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Thread: "Marine-Grade" Baltic birch plywood

  1. #1
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    "Marine-Grade" Baltic birch plywood

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    I know what "plywood" is. I understand what is meant by the term "Baltic birch". Does anyone here know what "Marine grade" means?

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    Ranelagh Tasmania
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    Is Marine Grade Plywood the same as Baltic Birch Plywood? - Woodworking Stack Exchange

    note these bits:

    "Marine plywood had no voids. Other types of plywood often have voids in the inner plys. This is why marine plywood is so expensive. I assume baltic birch has voids.

    "In marine plywood these voids have been filled with inlays to insure strength and reliable performance under the stresses that a boat is subject to.

    "It's my understanding that the glue is the same for all plywood these days. It did not used to be. Other that the absence of voids, I don't think marine plywood is any more resistant to water than other plywood."

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    As @gecko zzed posted, the key is the lack of voids. Very important for boat building, and maybe worth considering if you're building something like a Voice Of The Theater type enclosure that's going to be used at deafening levels, and you don't want the weight of MDF. Otherwise, it's overkill for almost anything.

    I did use some for some floor monitors I built back in 1975, though, and they're still in use .
    "... I know in the mornin' that it's gonna be good
    when I stick out my elbows and they don't bump wood." - Bill Kirchen

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  6. #4
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    A Hay Field in Kansas
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    I believe you get no-void ply by simply selecting A-A or A-B grades.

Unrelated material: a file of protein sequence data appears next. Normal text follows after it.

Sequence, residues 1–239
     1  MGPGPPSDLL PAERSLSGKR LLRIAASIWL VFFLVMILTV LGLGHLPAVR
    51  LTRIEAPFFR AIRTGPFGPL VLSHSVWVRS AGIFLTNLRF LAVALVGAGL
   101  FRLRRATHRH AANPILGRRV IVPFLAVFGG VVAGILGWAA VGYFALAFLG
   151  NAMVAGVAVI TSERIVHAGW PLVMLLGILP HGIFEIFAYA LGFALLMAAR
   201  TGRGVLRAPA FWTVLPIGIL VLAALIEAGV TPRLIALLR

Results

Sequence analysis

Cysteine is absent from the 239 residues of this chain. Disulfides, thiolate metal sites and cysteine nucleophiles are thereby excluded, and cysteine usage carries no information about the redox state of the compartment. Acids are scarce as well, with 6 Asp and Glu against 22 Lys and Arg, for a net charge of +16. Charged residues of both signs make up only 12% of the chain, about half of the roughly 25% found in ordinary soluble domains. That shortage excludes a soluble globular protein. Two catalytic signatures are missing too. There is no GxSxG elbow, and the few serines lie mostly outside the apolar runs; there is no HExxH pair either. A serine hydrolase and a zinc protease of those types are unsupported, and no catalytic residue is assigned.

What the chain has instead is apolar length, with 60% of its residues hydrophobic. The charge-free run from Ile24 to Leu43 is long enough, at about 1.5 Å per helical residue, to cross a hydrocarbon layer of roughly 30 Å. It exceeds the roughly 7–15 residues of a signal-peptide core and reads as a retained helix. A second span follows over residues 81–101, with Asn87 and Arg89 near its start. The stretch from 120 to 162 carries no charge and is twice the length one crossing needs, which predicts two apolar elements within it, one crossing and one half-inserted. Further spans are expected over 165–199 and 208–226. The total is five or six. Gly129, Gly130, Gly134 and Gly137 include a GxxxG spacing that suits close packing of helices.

Both are pricey furniture stuff, but it seems like there's always an extra premium placed on "marine grade".

    Marine grade is supposed to be water-resistant (none of it is really waterproof) but like Gekko said, it's probably all about the same these days. None of mine have ever been in the rain for more than a few minutes and never the bare wood.

    Voids are not thing! Yes, legend has it you'll get 'buzzing', but I've never seen it happen in dozens of homebrew projects with every kind of questionable grade there was -- right down to CD grade concrete form, crating crap. Can't say it won't ever happen and never has happened, but it's been the subject of considerable more stories than experience.

    I think it's a 'selling point' for speaker builders. And maybe they've seen it happen. Or maybe they just wanna sell speakers. Dunno.

  7. #5
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    northampton uk home of Dr Who and Blackstar Amps!
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    For other than "lead" guitar speakers the best material for speakers in most ways is MDF. No voids if that is a worry and the material is denser than ply and that helps acoustically.

    Ply is prefered for guitar speakers because it is stronger and has much greater impact resistance and git cabs tend to get a hard time. There is also a school of thought that the denser, less resonant nature of MDF "robs" guitar cabs of a desirable tone?
    Can o worms that one!


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